About 45,000 participants - including Republican Party delegates as well as visitors and news media professionals - are heading to the twin cities of St. Paul-Minneapolis for next week's nominating convention. During the convention in the central U.S. state of Minnesota, the Republican Party will formally name Senator John McCain as its candidate for president to face Senator Barack Obama, the Democratic presidential nominee in the November election. Although the convention is scheduled to open Monday, party officials say they might delay it if a hurricane strikes New Orleans early next week. VOA's Jim Fry previews the upcoming convention.
The Republican Party will nominate Senator John McCain for president in the Xcel Energy Center, an indoor sports arena in St. Paul, Minnesota.
National political conventions have turned into highly produced sound and light shows. "We've got seven spotlights, 1,900 linear feet of fiber - wire, excuse me - to go around for all the lights," says Maria Cino, Republican Convention CEO. "Don't look up too often," she warns. "It's about [90,000 kilograms] that is above us."
Conventions these days are staged for national television audiences. They are a procession of images and speakers highlighting the party's and nominee's strengths.
This year, the prospective nominee Senator McCain is a 25-year veteran of the U.S. Congress and a former prisoner of war in Vietnam. He often touts his knowledge of national security issues.
David Mark is a senior editor at the website Politico.com. He says Republicans are likely to talk about threats to U.S. security. "I think the recent conflict between Russia and Georgia will be played up a lot and used as an example of the kind of challenge the next president will have to face," says Mark.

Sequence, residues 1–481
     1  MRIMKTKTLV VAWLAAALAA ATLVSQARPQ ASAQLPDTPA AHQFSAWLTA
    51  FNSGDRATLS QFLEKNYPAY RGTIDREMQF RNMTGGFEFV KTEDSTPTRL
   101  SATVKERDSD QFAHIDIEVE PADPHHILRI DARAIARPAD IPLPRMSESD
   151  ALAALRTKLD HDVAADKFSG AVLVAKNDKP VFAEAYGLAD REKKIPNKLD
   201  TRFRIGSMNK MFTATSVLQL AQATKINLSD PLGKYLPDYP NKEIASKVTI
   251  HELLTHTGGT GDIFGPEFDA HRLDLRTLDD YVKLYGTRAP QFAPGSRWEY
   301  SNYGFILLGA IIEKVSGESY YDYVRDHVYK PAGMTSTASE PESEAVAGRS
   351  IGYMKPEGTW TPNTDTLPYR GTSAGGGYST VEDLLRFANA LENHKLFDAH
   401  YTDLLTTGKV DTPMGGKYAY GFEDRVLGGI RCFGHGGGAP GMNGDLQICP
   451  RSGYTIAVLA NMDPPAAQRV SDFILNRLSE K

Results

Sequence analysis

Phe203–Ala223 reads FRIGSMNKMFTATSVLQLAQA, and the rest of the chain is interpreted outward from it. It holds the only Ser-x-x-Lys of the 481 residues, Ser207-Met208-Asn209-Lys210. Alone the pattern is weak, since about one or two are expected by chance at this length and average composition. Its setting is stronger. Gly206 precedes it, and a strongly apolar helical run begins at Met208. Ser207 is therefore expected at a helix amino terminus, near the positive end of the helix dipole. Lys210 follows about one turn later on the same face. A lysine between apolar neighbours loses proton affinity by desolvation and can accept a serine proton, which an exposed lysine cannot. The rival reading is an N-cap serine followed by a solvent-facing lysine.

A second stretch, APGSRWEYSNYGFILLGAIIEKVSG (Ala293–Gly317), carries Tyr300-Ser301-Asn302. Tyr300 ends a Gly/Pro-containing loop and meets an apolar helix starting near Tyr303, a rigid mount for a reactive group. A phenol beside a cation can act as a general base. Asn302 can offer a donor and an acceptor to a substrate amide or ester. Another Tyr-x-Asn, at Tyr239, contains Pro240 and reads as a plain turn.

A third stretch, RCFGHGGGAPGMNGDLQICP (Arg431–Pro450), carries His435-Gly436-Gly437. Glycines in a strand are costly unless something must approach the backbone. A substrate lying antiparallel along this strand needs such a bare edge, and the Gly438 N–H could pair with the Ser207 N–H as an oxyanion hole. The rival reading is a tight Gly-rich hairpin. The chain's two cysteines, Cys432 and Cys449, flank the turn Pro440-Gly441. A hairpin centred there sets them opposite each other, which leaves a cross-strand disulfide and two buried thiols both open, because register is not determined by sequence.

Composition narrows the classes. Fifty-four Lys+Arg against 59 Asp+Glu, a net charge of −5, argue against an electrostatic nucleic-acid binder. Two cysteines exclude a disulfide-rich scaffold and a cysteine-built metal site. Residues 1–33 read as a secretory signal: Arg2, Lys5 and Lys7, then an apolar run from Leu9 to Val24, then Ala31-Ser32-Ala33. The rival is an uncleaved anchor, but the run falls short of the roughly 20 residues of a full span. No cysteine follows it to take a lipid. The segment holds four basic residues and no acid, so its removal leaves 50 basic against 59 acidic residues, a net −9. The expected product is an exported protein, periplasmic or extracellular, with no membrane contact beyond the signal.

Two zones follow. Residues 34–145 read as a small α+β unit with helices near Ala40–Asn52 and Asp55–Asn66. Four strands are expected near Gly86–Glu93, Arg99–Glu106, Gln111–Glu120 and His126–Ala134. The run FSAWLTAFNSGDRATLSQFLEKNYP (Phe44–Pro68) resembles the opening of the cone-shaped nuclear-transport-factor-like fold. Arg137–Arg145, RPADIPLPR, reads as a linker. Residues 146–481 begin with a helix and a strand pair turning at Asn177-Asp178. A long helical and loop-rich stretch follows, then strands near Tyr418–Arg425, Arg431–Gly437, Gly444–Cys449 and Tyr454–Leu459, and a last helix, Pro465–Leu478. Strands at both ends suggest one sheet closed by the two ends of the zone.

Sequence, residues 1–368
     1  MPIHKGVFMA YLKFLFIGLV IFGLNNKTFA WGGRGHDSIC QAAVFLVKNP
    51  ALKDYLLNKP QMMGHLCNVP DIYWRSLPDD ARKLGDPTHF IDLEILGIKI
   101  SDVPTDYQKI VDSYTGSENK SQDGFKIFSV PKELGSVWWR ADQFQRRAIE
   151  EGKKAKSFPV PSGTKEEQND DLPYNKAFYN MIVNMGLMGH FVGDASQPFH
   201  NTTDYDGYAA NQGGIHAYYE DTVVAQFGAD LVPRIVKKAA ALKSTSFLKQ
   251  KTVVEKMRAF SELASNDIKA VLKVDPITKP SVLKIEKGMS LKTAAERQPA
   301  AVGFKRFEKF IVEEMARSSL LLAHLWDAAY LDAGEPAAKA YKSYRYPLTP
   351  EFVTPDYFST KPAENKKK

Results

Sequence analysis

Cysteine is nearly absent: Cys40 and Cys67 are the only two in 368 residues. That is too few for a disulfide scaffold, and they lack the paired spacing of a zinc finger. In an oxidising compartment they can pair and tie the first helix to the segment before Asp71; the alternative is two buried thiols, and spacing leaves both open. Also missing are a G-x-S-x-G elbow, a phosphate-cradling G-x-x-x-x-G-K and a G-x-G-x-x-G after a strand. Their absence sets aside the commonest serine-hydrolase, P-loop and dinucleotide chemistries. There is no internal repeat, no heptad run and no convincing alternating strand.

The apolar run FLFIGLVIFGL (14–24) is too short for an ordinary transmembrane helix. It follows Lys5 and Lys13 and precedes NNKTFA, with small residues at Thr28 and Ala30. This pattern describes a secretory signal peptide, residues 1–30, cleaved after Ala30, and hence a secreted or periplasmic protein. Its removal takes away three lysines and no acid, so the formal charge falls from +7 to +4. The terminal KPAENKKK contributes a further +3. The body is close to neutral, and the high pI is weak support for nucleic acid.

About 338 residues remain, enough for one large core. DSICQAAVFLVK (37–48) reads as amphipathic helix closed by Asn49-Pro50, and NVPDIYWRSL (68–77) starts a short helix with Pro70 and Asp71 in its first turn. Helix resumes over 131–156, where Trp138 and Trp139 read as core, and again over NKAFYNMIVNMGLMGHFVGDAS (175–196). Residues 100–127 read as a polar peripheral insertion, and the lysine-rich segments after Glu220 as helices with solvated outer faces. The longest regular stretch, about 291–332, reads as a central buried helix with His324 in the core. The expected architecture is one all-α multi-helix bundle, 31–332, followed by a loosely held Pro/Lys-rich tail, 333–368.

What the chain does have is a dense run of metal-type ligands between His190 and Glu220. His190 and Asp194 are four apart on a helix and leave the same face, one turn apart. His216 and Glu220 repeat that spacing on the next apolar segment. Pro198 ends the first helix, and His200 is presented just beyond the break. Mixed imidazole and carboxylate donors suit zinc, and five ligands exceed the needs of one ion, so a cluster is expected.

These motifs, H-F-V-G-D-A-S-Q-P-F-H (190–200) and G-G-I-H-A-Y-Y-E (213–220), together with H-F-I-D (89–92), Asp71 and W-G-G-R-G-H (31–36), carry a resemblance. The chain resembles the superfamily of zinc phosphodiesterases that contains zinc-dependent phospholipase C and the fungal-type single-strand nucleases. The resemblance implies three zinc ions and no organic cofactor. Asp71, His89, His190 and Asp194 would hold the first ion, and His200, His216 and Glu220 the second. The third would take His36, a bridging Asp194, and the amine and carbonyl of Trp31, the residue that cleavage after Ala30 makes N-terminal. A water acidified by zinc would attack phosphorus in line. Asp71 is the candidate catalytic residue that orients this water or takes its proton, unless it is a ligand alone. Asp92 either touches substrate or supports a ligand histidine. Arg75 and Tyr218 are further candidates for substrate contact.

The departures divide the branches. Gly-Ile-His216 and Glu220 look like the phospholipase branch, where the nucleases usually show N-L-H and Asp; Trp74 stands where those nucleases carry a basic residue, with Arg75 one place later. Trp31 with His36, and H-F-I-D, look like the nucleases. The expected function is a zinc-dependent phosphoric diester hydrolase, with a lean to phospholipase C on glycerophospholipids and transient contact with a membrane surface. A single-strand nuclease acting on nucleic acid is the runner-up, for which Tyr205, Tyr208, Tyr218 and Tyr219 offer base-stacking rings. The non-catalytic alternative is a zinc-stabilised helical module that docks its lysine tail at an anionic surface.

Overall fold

The Republican candidate's wife, Cindy McCain, was in Georgia visiting people who were displaced by Russia's military offensive, even as Democrats met in Denver. "I know one of your questions is: 'Did I do this because it's during the Democratic National Convention?' The answer is, 'no.' I couldn't get in any quicker," she told her audience.
The prospective first lady will speak to the convention on Wednesday evening. John McCain's vice presidential choice, Alaska governor Sarah Palin, is also scheduled to speak on Wednesday. But that will be only the warm up act for the most important moment of any U.S. political convention - the moment the nominee gives his acceptance speech on prime time television.
President Bush is scheduled to speak to the convention - but he and Vice President Dick Cheney have low job approval numbers in public opinion polls. "They will have speaking roles the first night, on Monday," says Politico.com's David Mark. "But after that, they will be whisked out of town and never heard from again."
And with tropical cyclone Gustav threatening the U.S. gulf coast, party leaders say the event could be delayed if a major hurricane strikes the U.S. mainland.
The federal government's response to Hurricane Katrina three years ago is considered a low point of the Bush administration. Mr. Bush is said to be considering canceling his appearance should New Orleans suffer another direct hit.
But if all goes as planned, the traditional balloon drop and hoopla will cap the last night of the convention, and the general election campaign between Republican John McCain and Democrat Barack Obama will begin.